Sunday, November 04, 2018

Watching "Fat Salt Acid Heat"

Based on the book Salt, Fat, Acid, Heat: Mastering the Elements of Good Cooking, a new Netflix series covers the four elements of cooking. These were explored in Samin Nosrat's book (published 2017). I haven't read the book, but what I understand is that it's really about cooking techniques. In contrast, the Netflix series is essentially a travelogue with lots of discussions of local cooking and lots of interviews and cooking sessions with local food people. Each episode includes the cooking of a few specialties of the region, and shows Samin tasting the results with wonderful facial gestures in response. It's a highly enjoyable series!

The Italian countryside from the first episode of the Netflix series.
Every episode has beautifully filmed landscapes, as well as visits to farmers' markets and places where traditional foods are produced. In Italy, featured in the "Fat" episode, we visit a butcher shop that makes salumi from special pigs. (We also meet the pigs.) We visit a Parmesan cheese producer and learn that the dominant flavor of Parmesan is not just fat, but also umami, the elusive fifth taste that comes from amino acid, in this case visible crystals of amino acid that form as the wheels of cheese are aged.

Samin tastes the lardo from a leg of pork. She was born in California, but her family had recently immigrated
from Iran -- where of course pork is taboo.
Episode 2: Japanese traditional foods are the focus for Salt.

A visit to a traditional soy sauce factory.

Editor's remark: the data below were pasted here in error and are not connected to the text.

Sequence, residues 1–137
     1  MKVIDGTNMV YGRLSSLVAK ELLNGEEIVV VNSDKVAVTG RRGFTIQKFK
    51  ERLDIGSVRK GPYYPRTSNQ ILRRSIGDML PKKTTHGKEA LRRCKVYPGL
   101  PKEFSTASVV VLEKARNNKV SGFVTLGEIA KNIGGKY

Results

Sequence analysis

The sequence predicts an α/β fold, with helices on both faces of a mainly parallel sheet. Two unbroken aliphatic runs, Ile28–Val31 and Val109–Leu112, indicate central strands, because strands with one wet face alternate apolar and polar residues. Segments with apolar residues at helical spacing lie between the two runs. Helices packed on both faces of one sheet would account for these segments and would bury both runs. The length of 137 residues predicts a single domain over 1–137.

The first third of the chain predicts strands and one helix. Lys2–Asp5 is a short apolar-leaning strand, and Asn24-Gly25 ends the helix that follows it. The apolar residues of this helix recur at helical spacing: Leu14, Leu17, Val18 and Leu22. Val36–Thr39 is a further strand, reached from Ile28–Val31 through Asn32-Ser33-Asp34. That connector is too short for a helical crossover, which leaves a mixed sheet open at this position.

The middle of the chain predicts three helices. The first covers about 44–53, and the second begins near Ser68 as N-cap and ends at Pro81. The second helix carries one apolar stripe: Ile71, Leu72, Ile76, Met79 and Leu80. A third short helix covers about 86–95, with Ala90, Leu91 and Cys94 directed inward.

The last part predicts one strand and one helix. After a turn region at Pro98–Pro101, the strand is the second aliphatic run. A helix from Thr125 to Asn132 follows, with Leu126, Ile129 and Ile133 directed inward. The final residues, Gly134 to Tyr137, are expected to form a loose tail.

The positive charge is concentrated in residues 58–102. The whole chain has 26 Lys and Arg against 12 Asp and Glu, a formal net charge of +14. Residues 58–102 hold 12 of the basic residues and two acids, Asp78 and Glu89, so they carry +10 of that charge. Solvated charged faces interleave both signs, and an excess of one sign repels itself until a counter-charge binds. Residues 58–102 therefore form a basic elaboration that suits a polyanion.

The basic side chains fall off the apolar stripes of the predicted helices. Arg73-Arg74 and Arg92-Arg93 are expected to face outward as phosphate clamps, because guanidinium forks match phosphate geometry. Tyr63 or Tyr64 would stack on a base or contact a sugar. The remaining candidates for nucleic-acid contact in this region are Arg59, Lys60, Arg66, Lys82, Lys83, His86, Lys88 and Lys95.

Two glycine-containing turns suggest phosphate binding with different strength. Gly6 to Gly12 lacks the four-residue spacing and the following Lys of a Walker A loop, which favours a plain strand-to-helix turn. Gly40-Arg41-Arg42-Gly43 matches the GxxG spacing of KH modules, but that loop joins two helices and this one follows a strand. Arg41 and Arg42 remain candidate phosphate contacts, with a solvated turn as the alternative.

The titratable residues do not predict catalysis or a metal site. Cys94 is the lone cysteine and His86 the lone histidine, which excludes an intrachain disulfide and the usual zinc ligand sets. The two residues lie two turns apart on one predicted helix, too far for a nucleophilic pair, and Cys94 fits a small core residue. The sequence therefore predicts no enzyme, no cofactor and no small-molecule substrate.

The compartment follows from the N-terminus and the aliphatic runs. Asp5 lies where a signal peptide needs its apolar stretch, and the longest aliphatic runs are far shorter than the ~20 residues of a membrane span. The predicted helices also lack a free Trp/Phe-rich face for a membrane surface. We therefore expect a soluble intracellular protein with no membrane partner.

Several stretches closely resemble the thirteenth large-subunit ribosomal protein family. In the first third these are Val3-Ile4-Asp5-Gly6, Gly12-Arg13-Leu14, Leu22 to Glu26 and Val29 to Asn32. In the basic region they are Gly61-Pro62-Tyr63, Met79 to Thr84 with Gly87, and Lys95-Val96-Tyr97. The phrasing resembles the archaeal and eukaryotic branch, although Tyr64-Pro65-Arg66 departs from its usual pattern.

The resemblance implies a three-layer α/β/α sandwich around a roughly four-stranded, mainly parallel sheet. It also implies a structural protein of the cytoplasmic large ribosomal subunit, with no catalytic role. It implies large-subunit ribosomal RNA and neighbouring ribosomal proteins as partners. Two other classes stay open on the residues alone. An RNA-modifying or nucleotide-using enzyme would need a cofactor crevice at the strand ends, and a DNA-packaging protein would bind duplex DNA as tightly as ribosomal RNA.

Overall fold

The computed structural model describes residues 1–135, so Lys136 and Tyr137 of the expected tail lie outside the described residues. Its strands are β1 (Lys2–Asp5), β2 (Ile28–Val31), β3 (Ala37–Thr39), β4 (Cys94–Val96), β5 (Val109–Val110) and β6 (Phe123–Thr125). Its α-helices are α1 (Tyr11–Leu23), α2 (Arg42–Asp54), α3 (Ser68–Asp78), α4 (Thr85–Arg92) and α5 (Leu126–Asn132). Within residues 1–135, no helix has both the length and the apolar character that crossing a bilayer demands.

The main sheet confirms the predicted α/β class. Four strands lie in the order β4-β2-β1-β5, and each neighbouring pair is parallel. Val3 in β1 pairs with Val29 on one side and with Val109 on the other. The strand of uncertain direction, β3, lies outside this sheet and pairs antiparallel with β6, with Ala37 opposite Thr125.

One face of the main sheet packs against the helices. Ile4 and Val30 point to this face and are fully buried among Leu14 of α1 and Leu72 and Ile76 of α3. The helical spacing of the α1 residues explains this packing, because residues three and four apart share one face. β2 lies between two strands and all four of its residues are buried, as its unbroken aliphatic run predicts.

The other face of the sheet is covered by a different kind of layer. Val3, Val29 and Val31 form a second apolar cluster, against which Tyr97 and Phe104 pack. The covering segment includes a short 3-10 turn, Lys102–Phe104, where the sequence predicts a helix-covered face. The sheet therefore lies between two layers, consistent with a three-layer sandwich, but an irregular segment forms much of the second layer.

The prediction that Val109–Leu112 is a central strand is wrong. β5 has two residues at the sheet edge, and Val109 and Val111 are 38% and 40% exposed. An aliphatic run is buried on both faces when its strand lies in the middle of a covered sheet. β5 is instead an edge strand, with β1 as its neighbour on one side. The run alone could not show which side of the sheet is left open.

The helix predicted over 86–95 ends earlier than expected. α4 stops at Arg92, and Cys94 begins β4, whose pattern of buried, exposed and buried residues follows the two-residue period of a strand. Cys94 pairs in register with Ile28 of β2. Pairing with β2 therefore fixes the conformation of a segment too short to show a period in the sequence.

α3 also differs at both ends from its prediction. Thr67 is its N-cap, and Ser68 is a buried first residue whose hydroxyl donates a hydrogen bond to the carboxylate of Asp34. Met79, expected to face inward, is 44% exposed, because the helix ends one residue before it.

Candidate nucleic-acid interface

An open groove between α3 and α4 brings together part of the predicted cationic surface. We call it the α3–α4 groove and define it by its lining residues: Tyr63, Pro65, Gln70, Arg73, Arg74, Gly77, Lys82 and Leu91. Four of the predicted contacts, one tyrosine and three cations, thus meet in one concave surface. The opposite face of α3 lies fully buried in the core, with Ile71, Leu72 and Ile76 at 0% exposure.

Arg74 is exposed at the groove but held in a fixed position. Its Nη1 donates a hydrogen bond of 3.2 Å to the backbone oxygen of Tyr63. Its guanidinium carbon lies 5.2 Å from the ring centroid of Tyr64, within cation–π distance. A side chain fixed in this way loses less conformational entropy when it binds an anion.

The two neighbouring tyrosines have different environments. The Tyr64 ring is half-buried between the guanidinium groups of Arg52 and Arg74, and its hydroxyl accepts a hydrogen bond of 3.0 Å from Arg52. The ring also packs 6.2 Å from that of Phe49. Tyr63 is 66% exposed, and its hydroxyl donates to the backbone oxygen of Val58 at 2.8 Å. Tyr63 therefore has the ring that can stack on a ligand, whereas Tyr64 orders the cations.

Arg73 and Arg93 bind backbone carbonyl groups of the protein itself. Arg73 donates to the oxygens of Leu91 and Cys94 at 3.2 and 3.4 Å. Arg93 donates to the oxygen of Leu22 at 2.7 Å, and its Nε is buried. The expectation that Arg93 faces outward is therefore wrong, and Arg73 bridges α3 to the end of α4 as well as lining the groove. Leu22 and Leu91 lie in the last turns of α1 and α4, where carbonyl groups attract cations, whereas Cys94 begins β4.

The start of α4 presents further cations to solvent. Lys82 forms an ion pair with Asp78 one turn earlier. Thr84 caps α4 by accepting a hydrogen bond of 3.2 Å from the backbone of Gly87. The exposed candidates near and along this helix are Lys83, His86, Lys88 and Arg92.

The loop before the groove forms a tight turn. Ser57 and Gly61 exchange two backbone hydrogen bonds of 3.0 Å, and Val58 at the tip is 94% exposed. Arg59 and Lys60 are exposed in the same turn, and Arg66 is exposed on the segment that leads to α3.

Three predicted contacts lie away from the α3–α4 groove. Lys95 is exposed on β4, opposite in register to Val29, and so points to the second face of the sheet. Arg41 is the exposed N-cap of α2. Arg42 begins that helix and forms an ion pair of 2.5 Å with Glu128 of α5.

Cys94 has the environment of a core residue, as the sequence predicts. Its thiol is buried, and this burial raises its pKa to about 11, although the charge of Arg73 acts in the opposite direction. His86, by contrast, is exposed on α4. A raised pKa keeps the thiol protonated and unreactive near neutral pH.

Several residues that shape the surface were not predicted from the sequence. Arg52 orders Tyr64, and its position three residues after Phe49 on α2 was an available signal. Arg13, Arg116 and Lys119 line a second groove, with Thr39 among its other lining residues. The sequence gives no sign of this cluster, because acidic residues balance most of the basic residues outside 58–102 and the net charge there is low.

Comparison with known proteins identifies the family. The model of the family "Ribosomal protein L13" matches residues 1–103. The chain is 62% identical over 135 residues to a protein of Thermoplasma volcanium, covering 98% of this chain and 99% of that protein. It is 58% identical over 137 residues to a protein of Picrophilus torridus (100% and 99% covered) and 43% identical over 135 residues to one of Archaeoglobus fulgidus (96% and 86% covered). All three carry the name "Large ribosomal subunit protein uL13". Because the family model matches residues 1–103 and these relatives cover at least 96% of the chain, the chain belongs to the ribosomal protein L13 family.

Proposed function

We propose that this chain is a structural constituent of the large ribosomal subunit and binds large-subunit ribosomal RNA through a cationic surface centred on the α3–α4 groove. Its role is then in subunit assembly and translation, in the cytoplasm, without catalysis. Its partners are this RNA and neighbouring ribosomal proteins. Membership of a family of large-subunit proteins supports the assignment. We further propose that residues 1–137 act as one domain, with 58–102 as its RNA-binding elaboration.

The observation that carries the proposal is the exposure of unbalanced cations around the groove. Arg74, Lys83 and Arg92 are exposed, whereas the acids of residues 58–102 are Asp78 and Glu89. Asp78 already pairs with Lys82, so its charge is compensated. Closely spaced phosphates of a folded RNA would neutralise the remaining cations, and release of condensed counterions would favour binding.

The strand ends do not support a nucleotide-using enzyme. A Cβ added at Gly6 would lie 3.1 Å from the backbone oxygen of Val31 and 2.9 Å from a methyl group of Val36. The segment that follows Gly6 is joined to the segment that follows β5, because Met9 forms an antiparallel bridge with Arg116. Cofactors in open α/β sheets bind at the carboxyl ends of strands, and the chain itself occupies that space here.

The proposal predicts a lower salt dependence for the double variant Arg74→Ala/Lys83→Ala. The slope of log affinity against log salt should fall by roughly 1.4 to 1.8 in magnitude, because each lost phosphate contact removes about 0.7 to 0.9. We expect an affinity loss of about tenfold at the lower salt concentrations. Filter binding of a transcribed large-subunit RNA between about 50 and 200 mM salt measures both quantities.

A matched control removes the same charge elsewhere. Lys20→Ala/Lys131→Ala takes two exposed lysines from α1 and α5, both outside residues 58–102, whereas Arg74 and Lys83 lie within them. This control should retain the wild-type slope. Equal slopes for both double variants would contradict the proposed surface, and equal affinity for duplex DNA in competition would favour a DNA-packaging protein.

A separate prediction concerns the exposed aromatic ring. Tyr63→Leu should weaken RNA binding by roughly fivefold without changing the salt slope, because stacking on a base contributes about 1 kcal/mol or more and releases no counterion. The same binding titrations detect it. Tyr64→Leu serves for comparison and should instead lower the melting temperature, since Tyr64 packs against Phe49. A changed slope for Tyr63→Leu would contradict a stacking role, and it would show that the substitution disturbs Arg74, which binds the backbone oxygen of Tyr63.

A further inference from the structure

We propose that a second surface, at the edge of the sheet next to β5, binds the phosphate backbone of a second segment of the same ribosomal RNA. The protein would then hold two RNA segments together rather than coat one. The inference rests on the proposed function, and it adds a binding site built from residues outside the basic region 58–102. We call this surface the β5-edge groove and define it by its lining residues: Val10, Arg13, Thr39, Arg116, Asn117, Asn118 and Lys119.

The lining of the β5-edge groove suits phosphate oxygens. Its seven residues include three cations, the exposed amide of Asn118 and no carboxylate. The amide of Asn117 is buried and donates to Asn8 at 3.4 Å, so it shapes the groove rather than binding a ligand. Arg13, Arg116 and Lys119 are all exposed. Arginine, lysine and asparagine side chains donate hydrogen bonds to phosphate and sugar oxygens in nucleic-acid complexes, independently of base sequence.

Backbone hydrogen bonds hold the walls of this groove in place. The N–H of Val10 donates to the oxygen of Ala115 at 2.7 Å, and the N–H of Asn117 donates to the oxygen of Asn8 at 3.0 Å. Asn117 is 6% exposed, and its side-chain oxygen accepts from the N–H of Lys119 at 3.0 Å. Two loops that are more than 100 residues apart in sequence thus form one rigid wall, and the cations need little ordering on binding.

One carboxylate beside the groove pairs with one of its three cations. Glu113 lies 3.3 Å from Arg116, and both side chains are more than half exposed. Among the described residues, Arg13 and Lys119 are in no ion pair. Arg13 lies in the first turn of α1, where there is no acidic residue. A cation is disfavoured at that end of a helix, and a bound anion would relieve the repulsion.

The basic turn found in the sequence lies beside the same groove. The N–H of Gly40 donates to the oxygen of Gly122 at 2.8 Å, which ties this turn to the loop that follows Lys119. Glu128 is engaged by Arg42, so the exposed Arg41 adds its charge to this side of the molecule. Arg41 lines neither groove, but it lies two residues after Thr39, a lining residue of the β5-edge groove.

The artisian soy sauce producers are disappearing.

Episode 3: In the Yucatan, Mexico, we learn about acid -- and also its opposite, alkali. The corn for tortillas is soaked in an alkaline solution, which makes it usable and also more digestible. Here: partially automated tortilla production. We also see
the even more traditional hand-forming and grilling of little corn tortillas.
A major source of acid flavor in the cuisine of the Yucatan is the sour orange. Here, Samin shops and cooks with
a local woman, learning to make turkey in escabeche.
Samin's expressive response to habanero peppers!
The final episode, Heat, takes place in Berkeley, California, where Samin has lived since attending college at UC Berkeley.
She worked at Chez Panisse, where part of the episode takes place.
The series wraps up in Samin's own Berkeley kitchen.
Dinner in her dining room.
Samin's mother and some friends eat roast chicken and a traditional Persian
saffron rice.

The Netflix series Salt Fat Acid Heat debuted a few weeks ago. It deserves the great reviews that it's been getting ever since. All photos are screen shots!


Jeanie said...

I've missed netflix since I've been gone and the only thing I've seen since returning is catching up on Grace and Frankie and a Midsomer Murder because I was craving British accents and PBS shows didn't "talk Brit" till Sundays!

You KNOW this is just my cup of tea, so thanks for telling me about it. I'll put it on the watch list. Rick would like it too.

Jeff said...

Thank you so much for posting this. I greatly prefer Netflix to network television, and will definitely watch it!

Karen (Back Road Journal) said...

I'll definitely have to check out the sounds very interesting.

Judee Algazi said...

I've watched it a few time on Netflix! Very entertaining, informative, and interesting. The scenery is beautiful and the host is a hoot!.

Jackie Mc Guinness said...

I have this on my must watch list, thanks for reminding me.
I have little patience with network TV any more, the amount of time spent on commercials is ridiculous.

Deb in Hawaii said...

Very interesting. I keep meaning to read the book and now I'll have to put the series on my to-watch list. ;-)

Vicki said...

I saw this show on Netflix for the first time yesterday, and almost started watching it. I'll probably start it today or tomorrow. I haven't read the book yet but have it on hold at the library.

Carole said...

I thought the book was great - will be looking out for the series. Cheers

Marg said...

Adding this to my watch list. I do like a good travelogue/cooking show

Beth F said...

I have both the book and the show on my list ... Now to find the free time.